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A Complete Rehaul
Talk about a clean slate. When landscape architect Aaron Bradley was contacted by a Kansas City, Kansas, couple to design a new front and back yard, "It was a completely fresh beginning," says Bradley. "Nothing was 'sacred' except maybe the existing hardwood trees along the back of the property."Continue to 2 of 24 below.
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The original garden was informal and designed in a Western, "Colorado" style to complement the custom-built home. Though the homeowners have updated both their home and garden through the years, they realized it was time for a change both inside and out. Because everything can't always be done at once—everyone has busy lives—the landscape was designed in phases. Phase No. 1 was the 1/2-acre backyard—with a wooded area (trees) and a big athletic court for basketball and other... activities. Phase No. 2, the front yard, was addressed a couple years later.Continue to 3 of 24 below.
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Start with a Plan View
Like any good landscape designer, Bradley interviews his clients and comes up with a plan view design. In practice since 2005, the designer is known locally for unique, clean, modern work and custom details: he rolls up those sleeves and digs, plants, pours concrete, and welds, among other things.
The Kansas City metropolitan area is almost equally divided between the two states. While Bradley's business is based in Kansas City, Missouri, he has clients in both states. "We design, build,... and maintain." This particular landscape project is in the Prairie Village subdivision on the Kansas side, on a cul-de-sac with a dozen or so other homes that are mostly designed in the "traditional" style.Continue to 4 of 24 below.
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Modern in Missouri
The house is only one of two modern designs in the neighborhood. Reactions to the landscape design have been "pretty incredible," says Bradley. "I'm on site doing maintenance often, and it's a daily thing to see cars slow down or stop to admire. It makes me smile every time."Continue to 5 of 24 below.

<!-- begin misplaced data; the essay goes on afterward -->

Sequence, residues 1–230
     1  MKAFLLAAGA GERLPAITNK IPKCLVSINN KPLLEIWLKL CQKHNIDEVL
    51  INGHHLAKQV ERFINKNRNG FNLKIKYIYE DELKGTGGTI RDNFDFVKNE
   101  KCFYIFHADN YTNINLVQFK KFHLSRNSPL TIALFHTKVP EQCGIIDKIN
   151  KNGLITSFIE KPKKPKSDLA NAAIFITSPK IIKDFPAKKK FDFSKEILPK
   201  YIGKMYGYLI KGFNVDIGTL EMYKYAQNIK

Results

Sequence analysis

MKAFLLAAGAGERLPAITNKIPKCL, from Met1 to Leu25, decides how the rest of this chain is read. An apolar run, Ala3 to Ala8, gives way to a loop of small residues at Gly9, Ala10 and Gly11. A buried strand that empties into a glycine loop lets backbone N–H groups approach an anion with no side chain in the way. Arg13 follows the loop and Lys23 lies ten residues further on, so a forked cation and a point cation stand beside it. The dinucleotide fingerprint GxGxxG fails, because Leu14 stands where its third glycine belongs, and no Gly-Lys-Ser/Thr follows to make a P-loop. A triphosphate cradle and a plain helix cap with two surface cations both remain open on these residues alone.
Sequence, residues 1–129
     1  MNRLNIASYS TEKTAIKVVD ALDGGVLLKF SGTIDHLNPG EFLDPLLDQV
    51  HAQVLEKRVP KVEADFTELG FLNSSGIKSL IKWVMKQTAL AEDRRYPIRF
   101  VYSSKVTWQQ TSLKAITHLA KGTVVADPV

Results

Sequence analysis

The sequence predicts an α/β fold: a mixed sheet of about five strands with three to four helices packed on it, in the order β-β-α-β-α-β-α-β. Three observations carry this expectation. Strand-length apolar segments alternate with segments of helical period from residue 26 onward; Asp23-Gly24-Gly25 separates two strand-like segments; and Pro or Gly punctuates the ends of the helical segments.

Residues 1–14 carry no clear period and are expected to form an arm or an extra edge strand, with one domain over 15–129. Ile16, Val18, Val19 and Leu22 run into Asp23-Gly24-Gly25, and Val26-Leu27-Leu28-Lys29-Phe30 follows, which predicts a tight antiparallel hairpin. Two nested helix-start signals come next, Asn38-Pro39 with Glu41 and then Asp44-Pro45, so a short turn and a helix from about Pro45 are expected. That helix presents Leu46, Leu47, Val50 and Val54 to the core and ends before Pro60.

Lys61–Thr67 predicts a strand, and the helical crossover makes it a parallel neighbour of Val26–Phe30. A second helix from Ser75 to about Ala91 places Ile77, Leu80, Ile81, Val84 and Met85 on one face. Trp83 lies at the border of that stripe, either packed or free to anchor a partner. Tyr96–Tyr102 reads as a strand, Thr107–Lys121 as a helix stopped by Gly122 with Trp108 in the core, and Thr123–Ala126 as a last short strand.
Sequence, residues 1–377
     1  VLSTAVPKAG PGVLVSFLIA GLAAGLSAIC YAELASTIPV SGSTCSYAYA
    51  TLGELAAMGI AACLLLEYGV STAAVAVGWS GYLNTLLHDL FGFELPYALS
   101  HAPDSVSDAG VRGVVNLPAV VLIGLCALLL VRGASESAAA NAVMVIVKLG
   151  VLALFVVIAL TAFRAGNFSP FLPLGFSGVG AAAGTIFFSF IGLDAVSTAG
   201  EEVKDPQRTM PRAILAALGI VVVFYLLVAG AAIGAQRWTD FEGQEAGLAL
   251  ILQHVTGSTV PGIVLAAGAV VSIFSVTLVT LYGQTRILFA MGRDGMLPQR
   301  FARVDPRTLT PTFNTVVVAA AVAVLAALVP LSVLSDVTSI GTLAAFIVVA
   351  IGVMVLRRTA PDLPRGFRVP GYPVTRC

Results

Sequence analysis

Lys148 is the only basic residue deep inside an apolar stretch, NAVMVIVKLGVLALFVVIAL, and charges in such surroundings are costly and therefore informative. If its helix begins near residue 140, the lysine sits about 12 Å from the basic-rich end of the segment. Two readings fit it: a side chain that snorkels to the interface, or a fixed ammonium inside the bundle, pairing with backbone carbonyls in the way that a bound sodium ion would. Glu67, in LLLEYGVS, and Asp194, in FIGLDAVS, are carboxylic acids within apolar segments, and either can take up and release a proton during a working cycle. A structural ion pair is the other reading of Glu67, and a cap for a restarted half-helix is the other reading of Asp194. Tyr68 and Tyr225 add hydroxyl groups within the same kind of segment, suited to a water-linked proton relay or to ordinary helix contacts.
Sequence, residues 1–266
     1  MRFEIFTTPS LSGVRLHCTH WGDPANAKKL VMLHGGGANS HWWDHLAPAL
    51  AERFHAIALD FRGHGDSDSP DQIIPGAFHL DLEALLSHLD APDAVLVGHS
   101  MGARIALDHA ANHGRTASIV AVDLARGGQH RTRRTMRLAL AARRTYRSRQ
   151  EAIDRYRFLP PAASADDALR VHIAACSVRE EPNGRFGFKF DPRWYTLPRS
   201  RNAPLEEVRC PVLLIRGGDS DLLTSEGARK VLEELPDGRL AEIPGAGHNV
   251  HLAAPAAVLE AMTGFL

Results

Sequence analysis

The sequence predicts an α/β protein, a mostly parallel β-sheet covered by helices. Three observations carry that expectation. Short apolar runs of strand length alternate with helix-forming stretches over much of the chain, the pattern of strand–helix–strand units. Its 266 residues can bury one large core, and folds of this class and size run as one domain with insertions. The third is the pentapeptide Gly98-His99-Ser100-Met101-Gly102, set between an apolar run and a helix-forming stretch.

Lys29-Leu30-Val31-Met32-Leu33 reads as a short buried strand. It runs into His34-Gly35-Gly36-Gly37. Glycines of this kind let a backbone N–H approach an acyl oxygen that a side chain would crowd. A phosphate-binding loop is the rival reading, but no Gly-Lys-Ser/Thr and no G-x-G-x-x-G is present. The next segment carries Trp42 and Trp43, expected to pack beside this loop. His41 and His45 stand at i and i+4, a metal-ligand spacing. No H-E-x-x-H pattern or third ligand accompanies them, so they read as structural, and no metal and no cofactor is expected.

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Working our way from the front yard to the back, we start at the rich, wood-framed door, which is warm and a blend of modern and rustic. Off to its left is a tall metal planter with a staghorn fern—something that's usually mounted on a wall or growing vertically. Combined with impatiens and lime moss, the container is a stunning way to greet visitors.Continue to 6 of 24 below.
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Those white rectangular stones are Weston cream native limestone that was custom-cut to fit the entry, with Mexican river rock evenly framing and spilling onto adjacent surfaces.Continue to 7 of 24 below.
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Long Container Gardens
Long, lean containers that hold precisely trimmed arborvitae and lime creeping Jenny were custom made by Bradley and his small team, using 1/4-inch raw steel to achieve a nice rust patina. They provide a low wall and add interest to the space.Continue to 8 of 24 below.
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Let it Flow
Not surprisingly, Bradley also made this elegant, modern fountain which was welded from stainless steel. He designed and made most of the landscape elements at this property.Continue to 9 of 24 below.
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It's appropriate that there's a fountain in this Kansas City yard—with more than 200 at public buildings, it's dubbed the City of Fountains. Bradley designed an industrial style fountain and did some of the welding himself, along with co-workers.
"I get my hands dirty," he admits. "We're a small company and I like that; it allows us to focus on our niche and the details necessary for projects such as this one."Continue to 10 of 24 below.
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Framing the Fountain
Small shrubs surround the front fountain, which are framed with the cut white stone. Mexican river rock fills in throughout the bed.Continue to 11 of 24 below.
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A closer look at that rust patina on Bradley's front planters reveals that they are deep, allowing roots to spread down and across. Creeping Jenny is an easy-to-grow spreading plant that also can be used as a ground cover.Continue to 12 of 24 below.